An Up-to-date Daily Water Temperature Climatology for US Coastal Bays,
Harbors, and Estuaries: 1993-2017
In 1988, the Center for Operational Oceanographic Products and Services
(CO-OPS), an office of NOAA’s National Ocean Service, began to record
continuous 6-minute water temperature data with thermistors at the
coastal stations of the National Water Level Observation Network. Today,
140 of the stations have accumulated at least 15 years of archived data.
We performed extensive quality control of the daily-averaged water
temperatures by excluding periods of suspect data revealed through
inter-station comparison. All quality-controlled series have 15-25 years
of daily means that, when aggregated, produce an average seasonal cycle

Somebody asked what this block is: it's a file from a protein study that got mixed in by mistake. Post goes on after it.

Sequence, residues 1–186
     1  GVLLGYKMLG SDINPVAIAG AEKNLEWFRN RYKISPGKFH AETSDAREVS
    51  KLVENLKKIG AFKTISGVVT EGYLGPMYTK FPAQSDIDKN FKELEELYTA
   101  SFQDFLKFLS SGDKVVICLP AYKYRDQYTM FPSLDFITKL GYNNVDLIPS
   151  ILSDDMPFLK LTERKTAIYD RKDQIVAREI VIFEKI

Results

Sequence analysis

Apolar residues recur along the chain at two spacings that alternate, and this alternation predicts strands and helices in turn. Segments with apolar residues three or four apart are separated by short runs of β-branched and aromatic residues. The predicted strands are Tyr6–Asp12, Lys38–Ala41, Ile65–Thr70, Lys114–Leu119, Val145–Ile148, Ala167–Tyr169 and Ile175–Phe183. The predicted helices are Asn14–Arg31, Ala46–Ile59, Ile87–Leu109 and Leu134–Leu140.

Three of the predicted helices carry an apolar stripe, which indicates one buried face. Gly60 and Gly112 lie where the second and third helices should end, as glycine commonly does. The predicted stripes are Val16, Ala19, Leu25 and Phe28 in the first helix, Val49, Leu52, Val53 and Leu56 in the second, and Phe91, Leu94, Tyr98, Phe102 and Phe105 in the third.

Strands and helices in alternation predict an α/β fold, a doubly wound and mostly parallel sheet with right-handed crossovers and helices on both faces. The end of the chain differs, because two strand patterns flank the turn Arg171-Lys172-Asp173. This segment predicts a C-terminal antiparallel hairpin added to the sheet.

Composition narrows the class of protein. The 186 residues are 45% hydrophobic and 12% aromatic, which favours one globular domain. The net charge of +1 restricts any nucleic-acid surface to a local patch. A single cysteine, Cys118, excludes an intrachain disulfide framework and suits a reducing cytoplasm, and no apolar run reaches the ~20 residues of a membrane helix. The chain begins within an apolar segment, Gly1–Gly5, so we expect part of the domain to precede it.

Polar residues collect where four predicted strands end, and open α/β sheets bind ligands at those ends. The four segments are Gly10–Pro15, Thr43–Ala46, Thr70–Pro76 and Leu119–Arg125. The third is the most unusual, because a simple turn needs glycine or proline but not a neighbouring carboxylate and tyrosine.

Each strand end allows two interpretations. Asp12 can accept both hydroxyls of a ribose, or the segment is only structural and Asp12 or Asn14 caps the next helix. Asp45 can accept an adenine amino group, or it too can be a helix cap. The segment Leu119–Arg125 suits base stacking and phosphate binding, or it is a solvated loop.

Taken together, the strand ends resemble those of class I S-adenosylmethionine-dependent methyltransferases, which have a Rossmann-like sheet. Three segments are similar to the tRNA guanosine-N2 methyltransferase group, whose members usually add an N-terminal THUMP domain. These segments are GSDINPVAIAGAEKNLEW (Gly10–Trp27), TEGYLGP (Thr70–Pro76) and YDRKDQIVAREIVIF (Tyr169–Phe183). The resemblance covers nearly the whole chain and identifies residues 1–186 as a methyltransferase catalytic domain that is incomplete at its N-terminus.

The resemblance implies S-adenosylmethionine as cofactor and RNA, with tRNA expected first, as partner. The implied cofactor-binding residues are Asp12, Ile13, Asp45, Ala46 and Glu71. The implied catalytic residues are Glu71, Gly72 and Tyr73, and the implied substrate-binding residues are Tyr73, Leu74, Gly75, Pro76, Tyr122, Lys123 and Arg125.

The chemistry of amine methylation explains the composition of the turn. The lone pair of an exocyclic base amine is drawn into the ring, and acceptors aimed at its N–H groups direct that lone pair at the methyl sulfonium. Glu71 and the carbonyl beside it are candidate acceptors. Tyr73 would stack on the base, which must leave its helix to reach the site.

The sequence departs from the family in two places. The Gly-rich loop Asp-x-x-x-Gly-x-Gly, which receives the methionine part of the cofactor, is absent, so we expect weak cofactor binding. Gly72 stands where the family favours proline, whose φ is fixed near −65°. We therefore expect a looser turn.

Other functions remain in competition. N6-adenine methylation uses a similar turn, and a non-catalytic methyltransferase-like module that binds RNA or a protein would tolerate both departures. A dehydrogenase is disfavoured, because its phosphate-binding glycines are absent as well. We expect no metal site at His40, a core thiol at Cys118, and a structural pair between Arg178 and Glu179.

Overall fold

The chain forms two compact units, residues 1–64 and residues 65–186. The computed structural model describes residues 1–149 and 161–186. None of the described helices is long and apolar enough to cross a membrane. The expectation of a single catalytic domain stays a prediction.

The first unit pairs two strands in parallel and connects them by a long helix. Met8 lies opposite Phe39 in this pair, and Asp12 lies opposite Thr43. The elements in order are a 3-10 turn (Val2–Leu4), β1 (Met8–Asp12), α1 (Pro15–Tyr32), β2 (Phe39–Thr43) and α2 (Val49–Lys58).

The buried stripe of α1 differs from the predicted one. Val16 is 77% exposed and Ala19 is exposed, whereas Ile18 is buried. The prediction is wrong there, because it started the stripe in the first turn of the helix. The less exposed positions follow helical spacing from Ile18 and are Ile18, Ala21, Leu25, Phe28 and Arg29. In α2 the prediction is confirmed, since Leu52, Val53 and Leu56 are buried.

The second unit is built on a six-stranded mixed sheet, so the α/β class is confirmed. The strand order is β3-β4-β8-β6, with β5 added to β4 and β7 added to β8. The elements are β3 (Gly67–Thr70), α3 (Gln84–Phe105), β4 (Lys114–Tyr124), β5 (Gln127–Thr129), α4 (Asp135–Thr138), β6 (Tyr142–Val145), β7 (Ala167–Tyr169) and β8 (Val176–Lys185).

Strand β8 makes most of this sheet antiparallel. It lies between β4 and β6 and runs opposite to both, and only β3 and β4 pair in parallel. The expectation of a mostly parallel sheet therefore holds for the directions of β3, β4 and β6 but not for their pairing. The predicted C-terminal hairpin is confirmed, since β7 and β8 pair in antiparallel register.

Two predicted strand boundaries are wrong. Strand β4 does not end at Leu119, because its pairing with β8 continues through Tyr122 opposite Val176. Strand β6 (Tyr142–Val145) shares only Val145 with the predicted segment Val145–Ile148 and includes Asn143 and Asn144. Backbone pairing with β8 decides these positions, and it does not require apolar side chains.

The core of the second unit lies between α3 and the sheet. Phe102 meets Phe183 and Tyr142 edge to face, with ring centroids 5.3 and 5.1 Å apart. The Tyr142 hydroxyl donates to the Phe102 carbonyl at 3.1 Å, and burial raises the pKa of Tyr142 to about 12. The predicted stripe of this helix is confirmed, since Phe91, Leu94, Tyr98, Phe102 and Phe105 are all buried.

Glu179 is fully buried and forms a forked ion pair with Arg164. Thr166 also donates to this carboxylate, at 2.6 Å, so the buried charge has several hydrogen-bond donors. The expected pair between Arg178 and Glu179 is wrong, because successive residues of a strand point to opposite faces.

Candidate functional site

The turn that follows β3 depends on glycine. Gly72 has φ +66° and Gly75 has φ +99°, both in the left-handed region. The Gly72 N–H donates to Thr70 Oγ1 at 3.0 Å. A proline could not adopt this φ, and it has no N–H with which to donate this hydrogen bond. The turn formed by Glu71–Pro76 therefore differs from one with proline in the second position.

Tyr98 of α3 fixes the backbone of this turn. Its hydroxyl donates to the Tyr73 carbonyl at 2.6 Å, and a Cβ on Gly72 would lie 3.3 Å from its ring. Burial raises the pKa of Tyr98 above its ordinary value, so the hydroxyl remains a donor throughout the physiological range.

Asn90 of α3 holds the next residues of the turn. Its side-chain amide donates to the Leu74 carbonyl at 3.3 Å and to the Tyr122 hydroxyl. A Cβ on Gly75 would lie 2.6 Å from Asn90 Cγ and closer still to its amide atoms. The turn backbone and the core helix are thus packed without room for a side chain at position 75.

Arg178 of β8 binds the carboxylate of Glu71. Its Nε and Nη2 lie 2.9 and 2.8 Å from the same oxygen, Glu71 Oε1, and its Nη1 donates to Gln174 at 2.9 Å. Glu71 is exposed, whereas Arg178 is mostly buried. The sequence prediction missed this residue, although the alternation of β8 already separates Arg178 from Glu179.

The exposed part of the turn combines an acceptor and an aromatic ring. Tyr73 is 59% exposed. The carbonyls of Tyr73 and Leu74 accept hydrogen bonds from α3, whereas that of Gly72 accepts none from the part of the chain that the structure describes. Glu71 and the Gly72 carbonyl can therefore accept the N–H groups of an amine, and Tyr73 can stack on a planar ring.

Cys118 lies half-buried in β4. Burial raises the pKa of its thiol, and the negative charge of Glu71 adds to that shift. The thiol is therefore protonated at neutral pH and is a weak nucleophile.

for 365 days of the year. Residual temperature series obtained after
subtracting the average seasonal cycle from the daily mean temperature
depict the inter-annual variations. A threshold for defining an extreme
residual water temperature was selected to highlight periods of
anomalously warm or cold coastal water conditions. This type of climate
information should prove valuable to users in the fields of ecology and
fisheries management for quantifying anomalous temperature effects on
coastal ecosystems (such as fisheries, corals, sea grasses, harmful
algal blooms, etc). Knowledge of average seasonal water temperature
cycles are also useful for validating coastal hydrodynamic models.
Extended periods from weeks to months of high or low coastal sea levels
can be correlated with coastal water temperature anomalies.